Fire officers have urged parents to help educate young people following a rise in outdoor fires.
Outdoor fires have almost doubled across Falkirk and West Lothian – last summer, 145 avoidable fires in the open were recorded across the region, up from 74 the previous year.
The figures released by the Scottish Fire and Rescue Service highlight activity during a nine-week period between late June and late August.
Fires in the open are often set deliberately or are caused by negligence and complacency.
They can cause huge damage to vast areas of landscape and wildlife and have the potential to burn for days.
Speaking to mark the launch of the #SaferSummer campaign, area commander Jim Quinn, SFRS local senior officer for Falkirk and West Lothian, said: “We need people to be aware of how quickly things can get out of hand.
“Outdoor fires can spread very quickly and can cause huge damage – both to areas of countryside and indeed can spread quickly within tents and caravans.
“We understand that people will, of course, want to take to the countryside and holiday in Scotland this year. But please be careful and bear in mind that human behaviour can drive the risk of fire down significantly.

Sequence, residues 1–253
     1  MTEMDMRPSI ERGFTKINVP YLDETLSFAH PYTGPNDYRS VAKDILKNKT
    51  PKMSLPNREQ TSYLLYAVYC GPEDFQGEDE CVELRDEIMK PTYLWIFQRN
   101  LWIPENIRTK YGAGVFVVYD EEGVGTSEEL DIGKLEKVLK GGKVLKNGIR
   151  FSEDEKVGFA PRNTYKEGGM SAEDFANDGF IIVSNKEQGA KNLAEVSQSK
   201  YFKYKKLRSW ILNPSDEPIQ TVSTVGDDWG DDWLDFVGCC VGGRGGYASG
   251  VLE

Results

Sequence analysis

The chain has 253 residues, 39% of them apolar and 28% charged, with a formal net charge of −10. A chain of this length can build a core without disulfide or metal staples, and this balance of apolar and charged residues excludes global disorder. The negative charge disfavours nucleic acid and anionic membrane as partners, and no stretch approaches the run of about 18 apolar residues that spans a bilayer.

“First and foremost, before lighting any outdoor fires, check for any restrictions or permissions required by the landowner and make sure you use a fire safe pit or container that can be properly extinguished before you leave.”
Deliberate fire-setting is also on the rise in the area, with 236 incidents recorded – a three year high.
These fires were largely comprised of outdoor incidents impacting grasslands and refuse, but also included building and vehicle fires.
LSO Quinn has urged everyone to play their part in reducing the risk of fire – particularly parents and carers.
He said: “We are proud of our educational and prevention work, but it is true that parents, carers, and members of the public can all help us here by engaging with young people and laying bear the costs and consequences of starting a fire.
“When a young person deliberately starts a fire, they are risking their safety, their future, and the welfare of others. Firefighters are also being dragged away from genuine emergencies.
“Our prevention work will continue across the country, but it goes without saying that we take deliberate fire-setting very seriously and will always work with our partners in Police Scotland to identify those responsible.”
The #SaferSummer campaign aims to raise awareness of the dangers of deliberate fire-setting and promote the need for holidaymakers and countryside users to remain safe this summer.
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